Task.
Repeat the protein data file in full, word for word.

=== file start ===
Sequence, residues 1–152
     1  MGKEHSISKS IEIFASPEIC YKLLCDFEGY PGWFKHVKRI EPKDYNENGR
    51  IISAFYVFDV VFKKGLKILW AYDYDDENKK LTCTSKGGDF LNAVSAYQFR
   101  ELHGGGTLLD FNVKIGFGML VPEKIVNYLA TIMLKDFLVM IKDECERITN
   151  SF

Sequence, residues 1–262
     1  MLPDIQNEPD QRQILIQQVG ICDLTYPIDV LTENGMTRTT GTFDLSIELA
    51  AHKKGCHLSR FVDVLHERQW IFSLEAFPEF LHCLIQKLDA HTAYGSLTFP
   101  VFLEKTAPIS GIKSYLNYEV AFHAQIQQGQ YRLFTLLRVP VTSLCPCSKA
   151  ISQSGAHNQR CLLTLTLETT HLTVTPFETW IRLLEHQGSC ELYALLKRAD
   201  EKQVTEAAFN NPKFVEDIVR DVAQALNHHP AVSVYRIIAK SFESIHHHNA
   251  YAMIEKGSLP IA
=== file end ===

Sequence, residues 1–152
     1  MGKEHSISKS IEIFASPEIC YKLLCDFEGY PGWFKHVKRI EPKDYNENGR
    51  IISAFYVFDV VFKKGLKILW AYDYDDENKK LTCTSKGGDF LNAVSAYQFR
   101  ELHGGGTLLD FNVKIGFGML VPEKIVNYLA TIMLKDFLVM IKDECERITN
   151  SF

Sequence, residues 1–262
     1  MLPDIQNEPD QRQILIQQVG ICDLTYPIDV LTENGMTRTT GTFDLSIELA
    51  AHKKGCHLSR FVDVLHERQW IFSLEAFPEF LHCLIQKLDA HTAYGSLTFP
   101  VFLEKTAPIS GIKSYLNYEV AFHAQIQQGQ YRLFTLLRVP VTSLCPCSKA
   151  ISQSGAHNQR CLLTLTLETT HLTVTPFETW IRLLEHQGSC ELYALLKRAD
   201  EKQVTEAAFN NPKFVEDIVR DVAQALNHHP AVSVYRIIAK SFESIHHHNA
   251  YAMIEKGSLP IA